Scientific materialism, in its deep commitment to understanding the material world (and in understanding the world only as material) has little scope for understanding what’s meaningful to people, what makes our hearts sing, how we are moved by encountering or making art, what it is to love and be loved, what it is to care about life, the world, others. Or, more accurately, when it does have something to say about these topics it can only say that love is a particular firing of neurons in the brain, or an evolutionary adaptation to make it more likely that we reproduce; or that art is simply an adaptation that allows us to build social status, or that our appreciation of it comes because of the transmission of pleasure signalling chemicals to reward centres of the brain. And while all of these might well have a kind of rigorous truth about them when looked at from a materialist perspective, they tell us nothing about the meaningful experience of being human – what it is to love, or be loved, to create art, or be moved by it, to open to the mysterious and endless wonder of finding ourselves alive, or to be a whole world – as each of us are – of relationships, language, meanings, longing, desire, sadness, grief, joy, hope and commitment.

When we treat ourselves or others as mere material objects and truth as only scientific truth – as we are encouraged to do in so many of our systems in organisations, education and government – we miss out on deeper interpretations that take into account that we are subjects too, living beings who act upon the world through our ability to care and make sense, and who possess an exquisite and precious consciousness and capacity for self- and other-awareness. Precious indeed, because as far as we can tell, compared to the abundance of matter in the universe, life is rare enough. And among all the life we know about, as far as we can tell, consciousness and self-awareness (the capacity to say ‘I’ and reflect on ourselves) even rarer.

Alongside our scientific materialism, we could support our understanding and care about being human by paying attention also to the insights of those cultures and peoples who came before us, many of which we have thrown out in our elevation of reason over wisdom. In treating only reason as valid, we’ve discarded ways of encountering truth that can include beauty, meaning and goodness alongside what can be logically proved to be true. Myth, art, poetry, music, legend and spiritual practices that bind us into communities of meaning and action are all worth studying and taking seriously here. They can teach us to pay attention not only to the deep insights of our logical minds but also to the wisdom of our hearts and bodies, and to our first-hand lived experience of being human among other human beings.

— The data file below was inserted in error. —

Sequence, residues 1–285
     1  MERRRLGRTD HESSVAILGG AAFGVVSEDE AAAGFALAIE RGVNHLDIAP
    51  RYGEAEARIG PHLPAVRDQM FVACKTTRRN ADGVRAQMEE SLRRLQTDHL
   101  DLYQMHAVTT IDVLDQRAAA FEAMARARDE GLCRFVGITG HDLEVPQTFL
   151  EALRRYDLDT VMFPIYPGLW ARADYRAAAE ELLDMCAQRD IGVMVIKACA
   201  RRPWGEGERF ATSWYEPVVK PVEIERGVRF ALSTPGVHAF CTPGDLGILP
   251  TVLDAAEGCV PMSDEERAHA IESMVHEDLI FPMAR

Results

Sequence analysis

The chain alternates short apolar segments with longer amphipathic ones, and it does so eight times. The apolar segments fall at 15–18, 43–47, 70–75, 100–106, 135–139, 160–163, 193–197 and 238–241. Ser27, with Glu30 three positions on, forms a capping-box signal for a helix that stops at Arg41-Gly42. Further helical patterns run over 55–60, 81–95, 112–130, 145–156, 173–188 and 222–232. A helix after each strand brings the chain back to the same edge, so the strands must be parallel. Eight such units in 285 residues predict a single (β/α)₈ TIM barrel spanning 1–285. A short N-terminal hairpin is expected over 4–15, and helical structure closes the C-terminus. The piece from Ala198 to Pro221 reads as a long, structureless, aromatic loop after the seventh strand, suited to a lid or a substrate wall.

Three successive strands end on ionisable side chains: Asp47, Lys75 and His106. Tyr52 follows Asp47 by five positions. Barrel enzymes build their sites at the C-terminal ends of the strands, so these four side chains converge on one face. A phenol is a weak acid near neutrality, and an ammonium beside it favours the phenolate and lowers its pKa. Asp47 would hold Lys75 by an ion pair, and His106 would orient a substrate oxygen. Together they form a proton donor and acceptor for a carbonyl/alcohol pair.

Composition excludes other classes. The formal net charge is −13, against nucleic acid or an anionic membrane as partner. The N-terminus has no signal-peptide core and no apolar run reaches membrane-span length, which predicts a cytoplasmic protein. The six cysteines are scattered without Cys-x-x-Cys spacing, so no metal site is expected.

Which brings me back to the ‘dots’ we pay attention to – the phenomena we treat as meaningful in our lives. What we experience does not come labelled for us as important, or not, significant or not. We have to decide what’s worth noticing, and practice living lives in which we make matter what can matter. And it’s incumbent upon us to do this, by paying a deeper kind of attention to our lives and our experience, and to what we choose to care about.

Joining the dots

We’re all joining the dots… connecting up what we observe and experience of our lives in ways that are coherent to us. And we each have preferred ways of doing so – habits of heart, mind and understanding that have the world show up the way it does for us.

I’ve noticed recently, for example, how familiar it is for to me to connect up other people’s action (or non-action) with a story of their current or impending withdrawal. I’ve done something wrong, I imagine, that they know about and disapprove of and of which I am hardly aware. A call not returned, a terse email, a silence, apparent distance during a social encounter – all of these are the dots I’m paying attention to in this way of making sense of the world. And the joining that I do has me be the outsider, the one who has to work and prove and be kind to get back in, the one who ought to feel ashamed of myself.

It’s a habit, this way of making sense, almost certainly born in my early years and practiced repeatedly since then. And, as I keep on finding out, not only is it just one way of joining up the phenomena I experience, it’s often far from accurate and rarely life giving to me or others. Moreover, when I fall into this habitual way of making sense I tend to pay attention to only some of the ‘dots’. Other phenomena – such as the enormous love and affection that comes my way, the contribution I’m making, or simple gratitude for being in the presence of others without my having to do anything – receive much less attention than they deserve.

I’m having to learn again how to join up the dots in a way that lets me see and feel the enormous love and support there is around me.

How you join the dots – how you interpret what happens – matters. As does the choice of which dots to notice. And each depends upon, and shapes, the other.